Tuesday, September 7, 2010

They Do Steeples Better Than Us

We just returned from a trip to New England where, yes, they do steeples better than in the South.  The steeples up there are tall and slim, reaching for the heavens and anchoring the towns where they sit.  Here, more often than not, the steeples are short, squat, and questionable as to whether the building might be better off without the appendage at all.  Don't believe me?  Check out this book The Steeples of Old New England: How the Yankees Reached for Heaven and see for yourself. 

Another thing that New England does better?  Appreciating and reusing old buildings.  Very seldom do you see an old house falling into ruin up there.  Whether in town or further in the country, the houses are often bigger with many attached buildings (known as Big House, Little House, Back House, Barn: The Connected Farm Buildings of New England).  Somehow, despite the complaints of high taxes and property values, people manage to keep the buildings presentable and often looking worthy of a spot in Better Homes and Gardens.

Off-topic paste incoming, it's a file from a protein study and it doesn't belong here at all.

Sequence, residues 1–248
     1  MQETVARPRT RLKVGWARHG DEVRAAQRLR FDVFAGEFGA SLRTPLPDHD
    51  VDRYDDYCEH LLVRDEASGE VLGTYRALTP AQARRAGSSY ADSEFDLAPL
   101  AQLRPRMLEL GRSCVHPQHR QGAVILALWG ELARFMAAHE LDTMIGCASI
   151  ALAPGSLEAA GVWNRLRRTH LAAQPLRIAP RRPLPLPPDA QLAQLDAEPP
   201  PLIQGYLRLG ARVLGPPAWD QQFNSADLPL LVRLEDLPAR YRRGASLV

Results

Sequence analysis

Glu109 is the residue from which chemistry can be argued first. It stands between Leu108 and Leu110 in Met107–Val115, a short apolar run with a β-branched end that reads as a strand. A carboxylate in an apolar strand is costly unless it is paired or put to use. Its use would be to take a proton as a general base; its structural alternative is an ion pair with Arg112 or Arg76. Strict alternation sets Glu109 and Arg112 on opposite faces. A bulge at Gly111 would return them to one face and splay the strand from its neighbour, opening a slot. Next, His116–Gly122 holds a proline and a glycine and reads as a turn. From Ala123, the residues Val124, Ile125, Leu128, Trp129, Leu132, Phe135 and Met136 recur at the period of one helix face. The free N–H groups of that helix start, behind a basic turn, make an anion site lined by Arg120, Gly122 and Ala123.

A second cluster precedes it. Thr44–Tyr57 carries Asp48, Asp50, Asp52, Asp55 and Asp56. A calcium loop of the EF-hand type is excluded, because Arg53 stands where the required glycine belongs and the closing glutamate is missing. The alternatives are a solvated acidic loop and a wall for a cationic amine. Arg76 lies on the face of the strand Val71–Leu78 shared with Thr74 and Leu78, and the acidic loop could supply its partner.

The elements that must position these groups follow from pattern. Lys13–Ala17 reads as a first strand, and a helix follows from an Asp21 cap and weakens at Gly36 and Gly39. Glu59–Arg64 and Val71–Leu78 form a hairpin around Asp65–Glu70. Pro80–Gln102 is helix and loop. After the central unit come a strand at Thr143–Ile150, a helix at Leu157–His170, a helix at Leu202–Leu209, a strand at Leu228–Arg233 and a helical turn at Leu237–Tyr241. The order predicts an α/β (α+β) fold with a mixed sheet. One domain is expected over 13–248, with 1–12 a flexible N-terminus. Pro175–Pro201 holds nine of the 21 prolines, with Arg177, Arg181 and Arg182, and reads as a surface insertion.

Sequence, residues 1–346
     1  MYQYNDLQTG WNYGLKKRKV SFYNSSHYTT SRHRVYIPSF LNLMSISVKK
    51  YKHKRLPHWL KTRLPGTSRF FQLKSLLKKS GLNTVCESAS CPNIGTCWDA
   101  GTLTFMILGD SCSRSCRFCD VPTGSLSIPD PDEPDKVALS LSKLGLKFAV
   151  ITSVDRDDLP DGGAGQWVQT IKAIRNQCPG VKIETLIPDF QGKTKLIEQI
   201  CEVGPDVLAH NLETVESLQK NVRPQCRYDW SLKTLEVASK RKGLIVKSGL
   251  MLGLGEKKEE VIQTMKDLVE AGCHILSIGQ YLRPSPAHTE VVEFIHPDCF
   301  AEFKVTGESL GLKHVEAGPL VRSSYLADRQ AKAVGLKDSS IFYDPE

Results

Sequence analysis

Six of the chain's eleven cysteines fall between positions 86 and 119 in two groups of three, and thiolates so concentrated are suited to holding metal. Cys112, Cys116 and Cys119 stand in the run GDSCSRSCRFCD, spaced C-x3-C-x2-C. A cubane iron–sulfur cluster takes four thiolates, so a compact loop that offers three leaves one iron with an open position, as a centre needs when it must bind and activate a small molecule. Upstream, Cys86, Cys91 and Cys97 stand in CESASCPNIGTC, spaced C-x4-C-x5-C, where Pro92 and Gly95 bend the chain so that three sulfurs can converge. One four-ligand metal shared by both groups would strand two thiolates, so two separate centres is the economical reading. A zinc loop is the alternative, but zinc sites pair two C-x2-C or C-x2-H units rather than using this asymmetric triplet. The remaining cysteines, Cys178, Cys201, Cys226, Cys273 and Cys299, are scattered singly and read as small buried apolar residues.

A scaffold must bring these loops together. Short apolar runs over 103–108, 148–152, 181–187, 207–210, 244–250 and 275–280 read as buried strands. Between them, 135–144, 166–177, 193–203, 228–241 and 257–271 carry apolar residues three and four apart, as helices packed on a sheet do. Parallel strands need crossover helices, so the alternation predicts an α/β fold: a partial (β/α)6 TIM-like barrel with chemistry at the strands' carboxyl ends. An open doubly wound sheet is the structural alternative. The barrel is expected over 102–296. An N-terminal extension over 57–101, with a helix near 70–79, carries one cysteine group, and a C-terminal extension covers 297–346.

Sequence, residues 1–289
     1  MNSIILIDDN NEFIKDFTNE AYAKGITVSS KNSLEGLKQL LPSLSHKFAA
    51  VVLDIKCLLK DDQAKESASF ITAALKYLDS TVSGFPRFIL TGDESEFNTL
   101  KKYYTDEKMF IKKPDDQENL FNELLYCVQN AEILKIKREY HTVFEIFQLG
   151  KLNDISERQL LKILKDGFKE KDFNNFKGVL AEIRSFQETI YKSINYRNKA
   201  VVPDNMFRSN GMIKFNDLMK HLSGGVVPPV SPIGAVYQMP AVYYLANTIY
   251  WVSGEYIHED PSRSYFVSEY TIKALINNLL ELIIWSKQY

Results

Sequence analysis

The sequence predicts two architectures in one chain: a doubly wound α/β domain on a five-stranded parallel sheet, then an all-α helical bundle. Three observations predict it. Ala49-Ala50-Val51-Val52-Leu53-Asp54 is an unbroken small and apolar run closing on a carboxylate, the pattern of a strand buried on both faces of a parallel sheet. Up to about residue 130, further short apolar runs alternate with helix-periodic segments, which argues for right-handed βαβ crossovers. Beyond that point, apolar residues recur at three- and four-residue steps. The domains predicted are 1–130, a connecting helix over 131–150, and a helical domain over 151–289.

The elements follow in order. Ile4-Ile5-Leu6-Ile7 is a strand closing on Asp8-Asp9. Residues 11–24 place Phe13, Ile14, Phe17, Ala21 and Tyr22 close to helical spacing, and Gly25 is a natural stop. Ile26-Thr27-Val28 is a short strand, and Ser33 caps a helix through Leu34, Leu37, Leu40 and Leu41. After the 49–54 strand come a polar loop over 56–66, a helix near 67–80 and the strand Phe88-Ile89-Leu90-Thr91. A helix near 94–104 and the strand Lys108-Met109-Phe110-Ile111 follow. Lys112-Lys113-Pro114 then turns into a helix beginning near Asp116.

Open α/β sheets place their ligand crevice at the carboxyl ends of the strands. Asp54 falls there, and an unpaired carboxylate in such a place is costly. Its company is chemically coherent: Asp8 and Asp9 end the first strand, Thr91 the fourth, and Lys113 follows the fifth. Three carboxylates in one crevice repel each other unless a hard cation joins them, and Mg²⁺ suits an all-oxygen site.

What's the difference between New Englanders and those who live in our area?  Maybe its Yankee thrift.  The building is there, so it should be reused, not torn down or left to rot while the owner lives in a far less subtantial building next to it.  People aren't afraid to turn the barn into a house or studio, change the layout of the rooms, and celebrate the workmanship and quality of a house built prior to the Civil War.  They'll even move buildings rather than tear them down.  The attention to detail has created a market for craftsmen who can restore old windows, install clapboard siding, and duplicate old woodwork, a la This Old House.   All those beautiful buildings tug at the heartstrings and generate tourism dollars from people who  want to experience the ambiance of New England and feel the pull back to a simpler time. 

So what's happened here in Southwest Virginia?  There is a strong tie to one's "homeplace".   Unfortunately, the homeplace is often weeded up and falling to the ground.  No one has lived there since several generations ago and the family either hasn't been able to agree on who owns the property or can't afford to do anything with the house.  So everything collapses.  Some of us have surmised that this might be tied to the Appalachian way of life that has so been shaped by outsiders coming in and exploiting natural resources, creating a throw away existence for many.  Due to mining, lumbering, and industry, people are less bothered by the raping of the landscape, including collapsing homes and towns.  What would be completely unacceptable in New England becomes an every day occurrence experienced by generations of Appalachian dwellers.  

Sad, but a possible explanation as to why historic preservation is so much more difficult to sell in this area.  Not so sure that explains the steeples though...

No comments:

Post a Comment